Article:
It really doesn't have to be this hard on you. Calm down, take a step back. There is a bigger picture here if you would stop forcing your mind to work to exhaustion on all the little issues.

First of all, do you not see, in all the years you've been together with your husband that a relationship, kids included, is a team effort? You talk about "getting him to do this," and "making the decision for him." Is he not capable of seeing things your way? Have you considered giving him the chance to see exactly what you mean?

It sounds like he just makes decisions based on what he wants, and it sounds like you're in the habit of maintaining silence if you mention something once and it doesn't work out. Why do you just wait until the next year, when the subject comes up again? It seems like a large mishap every year, when your husband looks like a jerk just doing what he wants to do, and you too scared to stand up for you and your children's happiness.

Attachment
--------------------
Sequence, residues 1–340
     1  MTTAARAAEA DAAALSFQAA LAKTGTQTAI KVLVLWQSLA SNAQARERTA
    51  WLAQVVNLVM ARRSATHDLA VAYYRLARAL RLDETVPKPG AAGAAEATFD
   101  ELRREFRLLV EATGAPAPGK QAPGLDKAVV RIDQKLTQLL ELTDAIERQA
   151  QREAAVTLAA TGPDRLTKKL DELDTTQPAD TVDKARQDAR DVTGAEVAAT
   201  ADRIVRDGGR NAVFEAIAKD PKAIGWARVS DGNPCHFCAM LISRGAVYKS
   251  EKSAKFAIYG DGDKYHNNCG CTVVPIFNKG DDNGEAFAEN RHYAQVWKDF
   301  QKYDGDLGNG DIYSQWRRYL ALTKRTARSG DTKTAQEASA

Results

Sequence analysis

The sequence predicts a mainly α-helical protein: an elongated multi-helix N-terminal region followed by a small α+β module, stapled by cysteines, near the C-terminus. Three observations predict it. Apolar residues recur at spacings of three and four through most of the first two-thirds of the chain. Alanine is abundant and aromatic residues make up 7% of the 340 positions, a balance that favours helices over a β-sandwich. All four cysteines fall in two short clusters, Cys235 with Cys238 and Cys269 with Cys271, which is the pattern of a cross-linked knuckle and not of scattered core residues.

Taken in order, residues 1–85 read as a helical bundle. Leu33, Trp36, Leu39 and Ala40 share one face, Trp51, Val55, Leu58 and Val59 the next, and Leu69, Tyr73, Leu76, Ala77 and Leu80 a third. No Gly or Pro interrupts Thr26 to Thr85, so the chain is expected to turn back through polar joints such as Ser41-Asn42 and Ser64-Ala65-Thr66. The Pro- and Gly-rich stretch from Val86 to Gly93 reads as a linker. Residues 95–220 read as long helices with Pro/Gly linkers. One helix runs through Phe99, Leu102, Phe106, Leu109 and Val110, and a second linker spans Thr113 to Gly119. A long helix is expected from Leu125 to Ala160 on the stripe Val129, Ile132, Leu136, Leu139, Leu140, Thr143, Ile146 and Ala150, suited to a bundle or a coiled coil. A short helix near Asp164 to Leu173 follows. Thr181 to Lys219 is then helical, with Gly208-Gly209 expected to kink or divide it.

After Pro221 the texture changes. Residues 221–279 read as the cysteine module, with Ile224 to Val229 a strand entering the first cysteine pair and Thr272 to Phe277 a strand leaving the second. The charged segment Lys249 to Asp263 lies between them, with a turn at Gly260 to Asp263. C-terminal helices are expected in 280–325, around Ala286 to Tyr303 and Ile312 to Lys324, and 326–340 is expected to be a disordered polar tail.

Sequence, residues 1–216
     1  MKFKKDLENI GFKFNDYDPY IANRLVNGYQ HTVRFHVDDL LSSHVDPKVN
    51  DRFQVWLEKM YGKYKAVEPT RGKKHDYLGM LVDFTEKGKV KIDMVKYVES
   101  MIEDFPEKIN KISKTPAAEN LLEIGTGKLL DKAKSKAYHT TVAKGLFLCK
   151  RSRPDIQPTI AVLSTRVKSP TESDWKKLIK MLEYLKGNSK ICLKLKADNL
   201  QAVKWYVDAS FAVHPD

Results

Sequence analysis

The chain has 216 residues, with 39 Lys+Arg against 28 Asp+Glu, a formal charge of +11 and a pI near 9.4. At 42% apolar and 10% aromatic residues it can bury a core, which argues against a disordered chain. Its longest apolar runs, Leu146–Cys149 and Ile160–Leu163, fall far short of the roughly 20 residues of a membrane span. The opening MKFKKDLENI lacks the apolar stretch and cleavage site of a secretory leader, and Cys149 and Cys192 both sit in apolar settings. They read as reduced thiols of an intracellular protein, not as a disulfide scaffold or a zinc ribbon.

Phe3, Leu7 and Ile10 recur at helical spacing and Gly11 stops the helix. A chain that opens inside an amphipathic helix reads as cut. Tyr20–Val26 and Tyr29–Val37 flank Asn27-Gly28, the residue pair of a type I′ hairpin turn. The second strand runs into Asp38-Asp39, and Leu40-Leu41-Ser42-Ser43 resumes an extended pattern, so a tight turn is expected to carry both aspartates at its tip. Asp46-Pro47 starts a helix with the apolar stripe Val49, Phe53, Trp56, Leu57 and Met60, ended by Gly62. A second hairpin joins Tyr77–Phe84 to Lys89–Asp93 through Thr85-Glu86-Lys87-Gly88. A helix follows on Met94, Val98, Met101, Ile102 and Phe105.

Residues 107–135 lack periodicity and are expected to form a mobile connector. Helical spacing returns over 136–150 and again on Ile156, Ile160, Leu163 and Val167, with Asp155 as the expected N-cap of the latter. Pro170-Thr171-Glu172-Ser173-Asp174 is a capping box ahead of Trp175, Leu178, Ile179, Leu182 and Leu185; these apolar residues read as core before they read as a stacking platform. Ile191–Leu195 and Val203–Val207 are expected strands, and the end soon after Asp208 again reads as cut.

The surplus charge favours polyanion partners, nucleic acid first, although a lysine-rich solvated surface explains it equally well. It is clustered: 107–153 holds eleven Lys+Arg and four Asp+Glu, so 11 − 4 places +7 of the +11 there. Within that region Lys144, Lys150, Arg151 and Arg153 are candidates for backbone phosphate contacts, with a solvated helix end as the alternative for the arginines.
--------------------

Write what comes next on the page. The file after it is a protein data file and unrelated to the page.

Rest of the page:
Family is important to him, and while that's admirable, you and the children are his family too. It's just not a good workable way to live together. You're unhappy, why doesn't he listen? Why does he stubbornly get to hang on to his way of doing things while you sit there unhappy?

I wish you peace on this holiday season!!

Loverly

maria sylvia said...

wanna get sexy body shape ?
greatest way to get your best body shape http://tinyurl.com/fatlossfact

Anonymous said...

And how did you think that hosting Christmas for 18 people would be relaxing? You think you could just run off and take a nap? Wtf...obviously YOU would be running around crazy dealing with all of that. You need to just get the fuck over it already and quit being so whiny. Be grateful you even have a family to celebrate with.